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EARTH: 2012 - The end of the world of just another year of living in harm's way

July 24, 2012
Alexandria, VA - December 21, 2012 - the purported last day of a 5,125-year cycle in the Mesoamerican calendar - has been added to an endless list of days when the world has been expected to end. But what are our real chances of being wiped out by a catastrophic event - the kind that has happened in the past and will inevitably occur again someday? In the August issue of EARTH, we explore four of the most probable global events that could change life on Earth forever.

Near-Earth objects (NEOs), super-eruptions, solar storms and cataclysmic earthquakes all pose serious risks to our planet on a global and regional scale. However, though these threats exist, is it possible to realistically and economically prepare for them all? Find out more online at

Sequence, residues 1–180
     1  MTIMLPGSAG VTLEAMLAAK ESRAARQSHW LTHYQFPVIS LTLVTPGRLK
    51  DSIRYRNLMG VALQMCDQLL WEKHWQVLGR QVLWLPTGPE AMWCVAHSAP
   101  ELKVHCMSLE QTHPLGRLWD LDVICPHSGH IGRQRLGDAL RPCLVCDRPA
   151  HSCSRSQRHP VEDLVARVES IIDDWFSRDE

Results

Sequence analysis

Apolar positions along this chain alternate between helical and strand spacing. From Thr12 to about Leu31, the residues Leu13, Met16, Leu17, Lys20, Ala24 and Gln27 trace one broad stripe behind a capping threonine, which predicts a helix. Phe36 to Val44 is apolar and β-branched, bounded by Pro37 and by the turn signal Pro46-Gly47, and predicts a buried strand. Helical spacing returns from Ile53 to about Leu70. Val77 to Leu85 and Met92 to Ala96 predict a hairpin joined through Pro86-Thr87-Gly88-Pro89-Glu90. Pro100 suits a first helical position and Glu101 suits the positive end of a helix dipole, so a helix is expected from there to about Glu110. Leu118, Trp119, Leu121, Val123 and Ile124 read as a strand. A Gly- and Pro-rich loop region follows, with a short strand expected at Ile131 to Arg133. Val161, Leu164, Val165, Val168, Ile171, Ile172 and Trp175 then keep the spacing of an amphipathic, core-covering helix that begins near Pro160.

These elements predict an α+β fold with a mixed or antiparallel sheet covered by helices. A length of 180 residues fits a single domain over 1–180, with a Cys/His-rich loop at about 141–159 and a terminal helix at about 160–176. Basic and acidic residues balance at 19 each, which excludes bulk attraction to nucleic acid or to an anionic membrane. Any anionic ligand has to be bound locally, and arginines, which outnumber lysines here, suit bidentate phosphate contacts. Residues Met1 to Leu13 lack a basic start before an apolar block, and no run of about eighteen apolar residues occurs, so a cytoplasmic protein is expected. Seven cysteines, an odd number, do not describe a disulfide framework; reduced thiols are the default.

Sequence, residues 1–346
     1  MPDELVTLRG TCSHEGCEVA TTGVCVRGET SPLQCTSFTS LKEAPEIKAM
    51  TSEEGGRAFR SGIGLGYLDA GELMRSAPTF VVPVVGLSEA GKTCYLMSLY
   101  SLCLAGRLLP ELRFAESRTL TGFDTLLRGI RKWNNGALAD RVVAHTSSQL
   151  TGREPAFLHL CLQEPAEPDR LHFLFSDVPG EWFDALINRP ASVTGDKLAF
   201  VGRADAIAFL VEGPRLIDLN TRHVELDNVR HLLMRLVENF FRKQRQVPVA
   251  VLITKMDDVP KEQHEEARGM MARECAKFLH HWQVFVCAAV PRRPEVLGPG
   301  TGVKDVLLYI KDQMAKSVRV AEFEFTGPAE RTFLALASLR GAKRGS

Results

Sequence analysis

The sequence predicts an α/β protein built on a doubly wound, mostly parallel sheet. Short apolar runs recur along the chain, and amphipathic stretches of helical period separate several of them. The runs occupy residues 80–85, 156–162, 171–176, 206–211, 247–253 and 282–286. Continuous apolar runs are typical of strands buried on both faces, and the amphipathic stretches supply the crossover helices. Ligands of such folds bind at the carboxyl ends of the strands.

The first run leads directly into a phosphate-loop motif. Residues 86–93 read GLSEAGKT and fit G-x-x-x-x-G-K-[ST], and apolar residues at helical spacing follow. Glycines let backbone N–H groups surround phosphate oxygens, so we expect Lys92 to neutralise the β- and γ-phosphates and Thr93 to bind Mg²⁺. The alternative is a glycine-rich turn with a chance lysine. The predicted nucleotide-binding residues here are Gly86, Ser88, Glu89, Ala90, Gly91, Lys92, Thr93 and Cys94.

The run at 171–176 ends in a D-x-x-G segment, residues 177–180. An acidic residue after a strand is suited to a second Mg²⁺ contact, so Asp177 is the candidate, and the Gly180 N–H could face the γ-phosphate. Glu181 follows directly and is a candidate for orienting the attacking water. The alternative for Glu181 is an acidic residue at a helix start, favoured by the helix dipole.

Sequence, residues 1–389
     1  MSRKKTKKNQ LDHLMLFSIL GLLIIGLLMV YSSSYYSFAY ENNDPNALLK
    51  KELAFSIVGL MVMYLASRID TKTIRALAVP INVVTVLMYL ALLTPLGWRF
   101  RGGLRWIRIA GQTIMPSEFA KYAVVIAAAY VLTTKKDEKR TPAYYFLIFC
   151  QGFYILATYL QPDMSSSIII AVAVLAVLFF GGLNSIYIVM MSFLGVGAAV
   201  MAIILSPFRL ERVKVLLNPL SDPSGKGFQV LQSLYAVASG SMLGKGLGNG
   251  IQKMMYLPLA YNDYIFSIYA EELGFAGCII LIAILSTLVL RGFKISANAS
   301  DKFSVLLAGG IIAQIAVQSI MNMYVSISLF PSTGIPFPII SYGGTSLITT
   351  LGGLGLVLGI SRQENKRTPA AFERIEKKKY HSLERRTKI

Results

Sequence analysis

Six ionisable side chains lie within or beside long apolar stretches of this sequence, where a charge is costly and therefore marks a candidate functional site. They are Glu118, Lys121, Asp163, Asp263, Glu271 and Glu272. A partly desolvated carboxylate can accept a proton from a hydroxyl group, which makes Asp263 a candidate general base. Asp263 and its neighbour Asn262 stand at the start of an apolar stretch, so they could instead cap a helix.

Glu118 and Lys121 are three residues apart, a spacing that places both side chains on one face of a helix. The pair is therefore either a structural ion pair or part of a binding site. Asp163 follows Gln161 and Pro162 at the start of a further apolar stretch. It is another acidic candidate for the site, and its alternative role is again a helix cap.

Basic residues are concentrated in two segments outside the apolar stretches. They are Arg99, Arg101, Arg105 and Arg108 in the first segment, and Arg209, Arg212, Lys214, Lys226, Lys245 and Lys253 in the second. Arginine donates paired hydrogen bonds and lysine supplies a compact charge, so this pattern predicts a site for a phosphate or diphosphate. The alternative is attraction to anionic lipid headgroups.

Read this story and more in the August issue of EARTH Magazine, available online at

Turn trash to treasure when scientists turn nonrecylced waste into low-carbon fuel; discover how fossilized raindrops provide clues to Earth's early atmosphere; and learn about the silver lining of potentially hazardous asteroids all in this month's issue of EARTH.


Keep up to date with the latest happenings in Earth, energy and environment news with EARTH magazine online at

Published by the American Geosciences Institute, EARTH is your source for the science behind the headlines.

The American Geosciences Institute is a nonprofit federation of geoscientific and professional associations that represents more than 250,000 geologists, geophysicists and other earth scientists. Founded in 1948, AGI provides information services to geoscientists, serves as a voice of shared interests in the profession, plays a major role in strengthening geoscience education, and strives to increase public awareness of the vital role the geosciences play in society's use of resources, resiliency to natural hazards, and interaction with the environment.

American Geological Institute

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